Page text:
Don’t move my cheese! It’s a phrase middle managers use to talk about adapting to change in the workplace. Plus, the origin story of the name William, and why it’s Guillermo in Spanish. And a five-year-old poses a question that puzzles a lot of people: Why is the letter Q so often followed by a U? All that, and adynaton, an assonant quiz, do it up brown, salt of the earth, haven’t grown gills yet, wooling, a silly joke about the number one, a poem about regret, and hide-and-seek calls, such as Ole Ole Olson all in free!

This episode first aired June 12, 2021.

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 When Pigs Fly and Las Vacas Vuelen
In English, if we want to say that something will never occur, we say it’ll happen when pigs fly or when hell freezes over. In Spanish, you can express this idea by saying it will happen “when cows fly,” or el día que las vacas vuelen. In Italian, the same idea is reflected in a phrase that translates as “when donkeys fly.” In Malay, that event will occur “when cats grow horns,” in French “when chickens have teeth,” and in Bulgarian “when the pig in yellow slippers climbs the pear tree.” This rhetorical device is called an adynaton, from a Greek word that means “impossible.”

 Haven’t Grown Gills Yet
Kamela works as a nurse in Anchorage, Alaska. When she asked a patient how how he was doing post-surgery, the man responded with Well, I haven’t grown gills yet. It’s a jocular way of acknowledging that although he hadn’t recovered completely, things could definitely be worse.

 More Impossible Events
Two examples of adynaton, the rhetorical term for playful exaggeration suggesting that something will never happen, involve animals’ tails. One German expression translates as “It’ll happen when the hounds start barking with their tail,” and a Latvian one translates as “It’ll happen when an owl’s tail blooms.”

 The Business Expression “Moving Someone’s Cheese”
Alyssa from Dallas, Texas, is puzzled by some jargon she hears in her workplace. As a management consultant, she’s often warned by her bosses to make sure that employees don’t think that management is moving their cheese. The phrase references Spencer Johnson’s 1998 bestseller, Who Moved My Cheese? (Bookshop|Amazon) This motivational fable is the story of two mice and two tiny humans caught in a maze, and how they adapt — or don’t — when their usual food source is moved to another location.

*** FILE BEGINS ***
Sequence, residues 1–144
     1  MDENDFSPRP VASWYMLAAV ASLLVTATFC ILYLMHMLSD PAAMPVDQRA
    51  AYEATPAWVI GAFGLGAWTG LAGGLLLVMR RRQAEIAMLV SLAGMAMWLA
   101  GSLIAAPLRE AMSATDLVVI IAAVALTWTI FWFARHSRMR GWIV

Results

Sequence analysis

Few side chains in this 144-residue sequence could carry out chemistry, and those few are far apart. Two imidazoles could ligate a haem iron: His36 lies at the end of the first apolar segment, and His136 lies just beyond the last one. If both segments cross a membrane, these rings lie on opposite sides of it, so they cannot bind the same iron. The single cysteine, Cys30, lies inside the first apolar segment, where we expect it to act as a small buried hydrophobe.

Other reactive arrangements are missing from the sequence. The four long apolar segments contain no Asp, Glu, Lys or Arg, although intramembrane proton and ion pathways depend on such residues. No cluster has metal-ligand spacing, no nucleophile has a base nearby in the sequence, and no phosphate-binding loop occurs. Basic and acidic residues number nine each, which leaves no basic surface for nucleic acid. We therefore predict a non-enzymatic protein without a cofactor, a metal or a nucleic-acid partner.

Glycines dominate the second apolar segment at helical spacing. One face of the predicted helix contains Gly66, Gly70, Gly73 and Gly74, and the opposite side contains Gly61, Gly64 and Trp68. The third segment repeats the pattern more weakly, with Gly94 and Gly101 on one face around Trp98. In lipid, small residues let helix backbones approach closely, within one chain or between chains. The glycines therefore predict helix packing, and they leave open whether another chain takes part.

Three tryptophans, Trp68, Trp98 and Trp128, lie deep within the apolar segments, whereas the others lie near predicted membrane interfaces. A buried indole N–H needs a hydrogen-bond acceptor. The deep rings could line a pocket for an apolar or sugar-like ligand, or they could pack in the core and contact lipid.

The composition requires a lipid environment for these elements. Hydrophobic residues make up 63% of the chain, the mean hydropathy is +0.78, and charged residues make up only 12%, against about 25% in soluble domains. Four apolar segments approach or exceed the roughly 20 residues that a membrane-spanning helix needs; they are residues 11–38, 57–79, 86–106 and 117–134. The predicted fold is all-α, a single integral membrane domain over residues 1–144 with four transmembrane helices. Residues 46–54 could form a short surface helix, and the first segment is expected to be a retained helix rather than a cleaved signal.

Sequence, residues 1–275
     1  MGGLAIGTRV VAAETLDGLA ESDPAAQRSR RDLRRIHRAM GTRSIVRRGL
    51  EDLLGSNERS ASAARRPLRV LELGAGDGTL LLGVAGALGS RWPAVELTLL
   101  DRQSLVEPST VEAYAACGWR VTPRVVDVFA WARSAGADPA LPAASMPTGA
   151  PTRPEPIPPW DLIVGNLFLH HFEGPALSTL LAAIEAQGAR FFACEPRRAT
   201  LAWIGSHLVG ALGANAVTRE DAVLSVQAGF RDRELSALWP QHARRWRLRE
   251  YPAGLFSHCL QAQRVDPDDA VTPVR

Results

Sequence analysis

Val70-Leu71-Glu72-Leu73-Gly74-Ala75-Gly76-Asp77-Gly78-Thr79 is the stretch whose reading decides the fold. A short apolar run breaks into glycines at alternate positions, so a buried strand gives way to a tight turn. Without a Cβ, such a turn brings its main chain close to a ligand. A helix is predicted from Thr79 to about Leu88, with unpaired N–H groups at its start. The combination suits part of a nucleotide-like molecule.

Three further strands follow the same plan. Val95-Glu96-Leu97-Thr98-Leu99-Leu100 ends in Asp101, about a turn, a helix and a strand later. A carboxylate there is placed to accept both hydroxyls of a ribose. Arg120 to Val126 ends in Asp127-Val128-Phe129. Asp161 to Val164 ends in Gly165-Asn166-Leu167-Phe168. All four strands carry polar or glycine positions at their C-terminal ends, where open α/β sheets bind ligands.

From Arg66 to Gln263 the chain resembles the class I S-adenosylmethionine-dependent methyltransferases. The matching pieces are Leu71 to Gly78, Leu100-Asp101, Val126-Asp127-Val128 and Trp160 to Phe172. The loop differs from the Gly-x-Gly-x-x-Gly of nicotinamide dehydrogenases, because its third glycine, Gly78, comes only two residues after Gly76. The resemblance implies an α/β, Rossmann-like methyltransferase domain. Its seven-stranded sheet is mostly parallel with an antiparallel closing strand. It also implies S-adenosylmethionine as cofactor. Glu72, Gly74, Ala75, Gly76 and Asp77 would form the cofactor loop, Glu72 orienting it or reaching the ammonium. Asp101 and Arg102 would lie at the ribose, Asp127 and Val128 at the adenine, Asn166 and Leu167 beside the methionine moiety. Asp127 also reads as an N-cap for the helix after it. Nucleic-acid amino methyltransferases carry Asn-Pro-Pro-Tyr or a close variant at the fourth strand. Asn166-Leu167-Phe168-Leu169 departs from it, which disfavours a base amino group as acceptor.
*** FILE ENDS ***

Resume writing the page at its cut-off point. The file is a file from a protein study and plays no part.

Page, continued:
Making One Disappear
How do you make the number one disappear? Hint: add a letter.

 Two-Word A Puzzle
All the answers to this puzzle from Quiz Guy John Chaneski are two-word phrases, and the only vowel they contain is the letter A. For example, suppose John is lounging in a shaded spot where only one variety of fruit is allowed. Where is he?

 How Are “William” and “Guillermo” Related?
Justin in Dallas, Texas, is curious about the origin of the name William, and why the Spanish version is Guillermo. Its popularity goes back to the days of William the Conqueror. Modern languages have several versions of this name, such as German Wilhelm and Dutch Willem. For a good explanation of the phonetic changes that led to these different versions, check out Trask’s Historical Linguistics by R. L. Trask, revised and edited by Robert McColl Miller. (Bookshop|Amazon)

 W.H. Auden’s “As I Walked Out One Evening”
H. Auden’s poem “As I Walked Out One Evening” contains some lovely examples of the rhetorical device called adynaton, which are impossible things, including: I’ll love you, dear, I’ll love you / Till China and Africa meet, / And the river jumps over the mountain / And the salmon sing in the street.

 Do It Up Brown
The phrase do it up brown can have two very different meanings: to “do something to perfection,” as in something that is perfectly cooked, and “to swindle” someone or beat them at their own game — metaphorically leaving them “cooked.”

 Salting the Earth vs. Salt of the Earth